6th October 2010
Blog >> Website Security Tips
Whilst backing up your website is of critical importance, there are a number of other equally important steps you should take to ensure the security of your website and server.
This article discusses common security mistakes and provides tips to help you secure your website.
Validation of Data and Data Poisoning
Any data inputs collected from your visitors must be fully validated for a number of reasons. Firstly you want to make sure you collect the right data (for example, a valid email address), but more importantly you need to consider how the data is handled.
For example, if you collect a data input on your website which forms part of a mySQL database query, if this input data is not properly validated it can create huge security holes. This may begin with enabling visitors to delete large portions of your database, or even worse, it may enable them to expose confidential data such as customer credit card numbers.
Some statistics suggest that half of all websites are subject to information leakage attacks, 1 in 5 websites are unprotected against SQL injection, and as many as 7 out of 10 websites are open to cross-site scripting attacks!
Direct Data Theft
Any data you store can potentially be viewed by your visitors. Always avoid storing data files on your website and instead store them on your server in a directory which is not web-accessible. If using a database (e.g. mySQL) then ensure your database user accounts use strong passwords and any default accounts are removed, if possible limit database connections to the local server.
You should always ensure any management tools are properly secured. Apache web server users should not rely on .htaccess authentication alone since a change in the server configuration can cause .htaccess files to be ignored, causing any security to be removed. Of course .htaccess authentication adds a useful additional layer of security, but this should be used in conjunction with additional authentication systems.
Malicious File Execution and DoS Attacks
Always beware unknown files, whether it's a file uploaded by a website visitor, or popular open source software, it should be considered potentially dangerous.
Many popular open source software packages are subject to vulnerabilities which can leave your website open to attack, and just because you're asking users to upload images doesn't mean they are - how does your profile photo upload behave when a user uploads a PHP file, does that PHP file become executable after the upload essentially giving any (appropriately skilled) visitor the ability to take complete control of your website.
DoS or Denial-of-Service attacks involve a huge number of requests which overload the server. For example, an attacked could simply request your homepage thousands of times in a few seconds to overload your server, causing your software to crash. Firewalls can be implemented to help reduce the threat of DoS attacks but these can be of no use if the malicious user has managed to upload a program which creates the load 'internally'.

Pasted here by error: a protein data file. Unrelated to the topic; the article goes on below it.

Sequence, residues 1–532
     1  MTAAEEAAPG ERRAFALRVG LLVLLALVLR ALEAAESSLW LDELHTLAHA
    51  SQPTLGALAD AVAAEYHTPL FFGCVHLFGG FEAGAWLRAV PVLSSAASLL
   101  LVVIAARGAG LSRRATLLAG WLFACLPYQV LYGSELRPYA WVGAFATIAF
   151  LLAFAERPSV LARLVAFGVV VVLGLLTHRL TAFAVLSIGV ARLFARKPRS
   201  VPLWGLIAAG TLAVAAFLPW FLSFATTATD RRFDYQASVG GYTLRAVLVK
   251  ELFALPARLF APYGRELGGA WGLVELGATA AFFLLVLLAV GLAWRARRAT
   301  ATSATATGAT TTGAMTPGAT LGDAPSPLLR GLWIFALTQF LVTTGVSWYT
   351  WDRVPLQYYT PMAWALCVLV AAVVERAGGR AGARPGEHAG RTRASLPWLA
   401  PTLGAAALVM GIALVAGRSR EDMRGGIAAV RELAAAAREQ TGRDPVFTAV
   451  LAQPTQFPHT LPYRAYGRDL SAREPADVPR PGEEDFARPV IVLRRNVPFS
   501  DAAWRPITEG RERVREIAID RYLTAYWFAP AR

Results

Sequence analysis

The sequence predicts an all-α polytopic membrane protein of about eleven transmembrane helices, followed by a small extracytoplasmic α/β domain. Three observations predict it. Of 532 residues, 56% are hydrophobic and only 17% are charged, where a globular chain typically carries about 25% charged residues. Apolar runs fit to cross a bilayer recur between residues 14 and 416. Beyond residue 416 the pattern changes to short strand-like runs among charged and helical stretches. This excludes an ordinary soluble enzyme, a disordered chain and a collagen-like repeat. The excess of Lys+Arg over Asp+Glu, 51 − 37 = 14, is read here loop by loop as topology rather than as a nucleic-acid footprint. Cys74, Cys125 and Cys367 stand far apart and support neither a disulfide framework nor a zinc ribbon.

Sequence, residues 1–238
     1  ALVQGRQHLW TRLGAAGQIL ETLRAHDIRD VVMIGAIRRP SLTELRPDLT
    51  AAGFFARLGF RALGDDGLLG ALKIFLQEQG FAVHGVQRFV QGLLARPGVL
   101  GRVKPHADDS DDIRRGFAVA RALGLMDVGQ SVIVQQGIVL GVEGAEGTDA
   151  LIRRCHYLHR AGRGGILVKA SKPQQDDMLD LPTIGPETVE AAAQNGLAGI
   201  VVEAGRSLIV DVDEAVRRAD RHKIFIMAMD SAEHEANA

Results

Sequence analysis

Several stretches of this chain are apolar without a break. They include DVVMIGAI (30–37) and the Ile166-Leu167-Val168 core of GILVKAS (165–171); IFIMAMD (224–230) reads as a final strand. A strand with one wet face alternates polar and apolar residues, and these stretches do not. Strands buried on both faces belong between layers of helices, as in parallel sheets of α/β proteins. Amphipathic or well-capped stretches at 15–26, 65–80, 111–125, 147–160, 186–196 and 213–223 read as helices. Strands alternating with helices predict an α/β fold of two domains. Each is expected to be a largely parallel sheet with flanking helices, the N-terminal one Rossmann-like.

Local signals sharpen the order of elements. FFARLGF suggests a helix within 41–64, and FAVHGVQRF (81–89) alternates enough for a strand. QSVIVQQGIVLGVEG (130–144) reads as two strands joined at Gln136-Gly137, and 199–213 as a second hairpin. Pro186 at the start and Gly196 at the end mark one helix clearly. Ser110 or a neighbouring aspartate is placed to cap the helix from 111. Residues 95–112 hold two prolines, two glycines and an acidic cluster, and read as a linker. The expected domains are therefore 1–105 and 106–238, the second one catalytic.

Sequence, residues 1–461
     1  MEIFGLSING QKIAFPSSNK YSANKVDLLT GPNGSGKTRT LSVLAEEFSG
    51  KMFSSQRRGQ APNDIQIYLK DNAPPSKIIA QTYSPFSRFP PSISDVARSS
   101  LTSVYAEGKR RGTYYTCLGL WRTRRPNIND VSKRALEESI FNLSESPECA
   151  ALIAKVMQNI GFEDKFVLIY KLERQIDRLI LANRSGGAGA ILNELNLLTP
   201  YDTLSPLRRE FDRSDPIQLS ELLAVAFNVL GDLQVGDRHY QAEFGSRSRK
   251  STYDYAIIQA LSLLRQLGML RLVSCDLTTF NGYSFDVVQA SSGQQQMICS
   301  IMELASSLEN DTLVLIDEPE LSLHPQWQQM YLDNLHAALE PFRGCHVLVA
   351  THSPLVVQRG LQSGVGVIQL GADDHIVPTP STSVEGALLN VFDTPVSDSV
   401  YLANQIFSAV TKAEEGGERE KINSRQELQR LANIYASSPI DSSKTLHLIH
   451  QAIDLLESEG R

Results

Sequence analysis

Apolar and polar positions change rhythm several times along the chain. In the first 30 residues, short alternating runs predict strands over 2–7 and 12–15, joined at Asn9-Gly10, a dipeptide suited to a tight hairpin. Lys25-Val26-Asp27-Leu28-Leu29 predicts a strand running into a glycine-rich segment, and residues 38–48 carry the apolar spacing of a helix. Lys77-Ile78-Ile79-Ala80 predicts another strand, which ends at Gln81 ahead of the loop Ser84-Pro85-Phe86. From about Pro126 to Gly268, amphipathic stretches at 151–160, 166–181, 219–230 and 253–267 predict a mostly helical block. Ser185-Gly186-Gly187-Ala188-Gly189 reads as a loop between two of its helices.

Predictable Resource Locations and Error Handling
It may seem silly, but creating a directory called /contact/ for your contact page may not always be the best approach. Okay, perhaps it's not so important for your contact page, but do you have a 'secret' /admin/ directory, or perhaps a /phpmyadmin/ directory for your database manager? If so, you should consider hiding these resources so malicious users can not find them with ease. Enabling such tools to be easily found merely increases your risk of an attack, if the attacker can't find your control panel it makes it a lot more difficult to hack it...
In addition to this, how you handle your error messages is of critical importance. Your error messages must never contain sensitive server information or data, for example if a mySQL database query fails do you still display the query in your error message for your debugging. If you use IP address restrictions, do you show denied users a 'forbidden' error, or a 'file not found' error - returning a file not found error can create the illusion that resources don't exist.
Always restrict directory listings to prevent visitors from browsing the files on your website, this can be done by including index files in all your directories, or if you use the Apache web server software you can use .htaccess files to disable directory listings.
Authentication and Session Management
Always use SSL certificates and the HTTPS protocol for your authentication systems, and if you're using session cookies you should consider only using the HTTPS protocol and secure cookies. Further basic steps include implementing a session time-out feature to ensure sessions are closed even if a user forgets to log-out, and user profiling can be used to detect changes in usage - for example you should force a logout if the user changes browser, and debatably also if their IP address changes.
Phishing and Content Spoofing
Phishing is the process of tricking someone into believing that a website (or email, letter etc) belongs to an organisation it does not. For example, many of you will regularly receive emails from Facebook and PayPal asking you to login, these emails will contain links to login pages which look identical to the official login pages but they are not, they are hosted on different web sites and are used to trick you into logging in and providing your login details.
The best approach for stopping phishing is visitor education, always encourage your visitors to check the page URL before logging in and if possible, only use one URL for login as we do on myRepono.com. As many as 1 in 4 websites are subject to phishing and content spoofing attacks.
Tell us your backup stories!
Have you experienced a backup disaster? Please tell us about all your computing mis-haps and we'll include the best stories in our blog!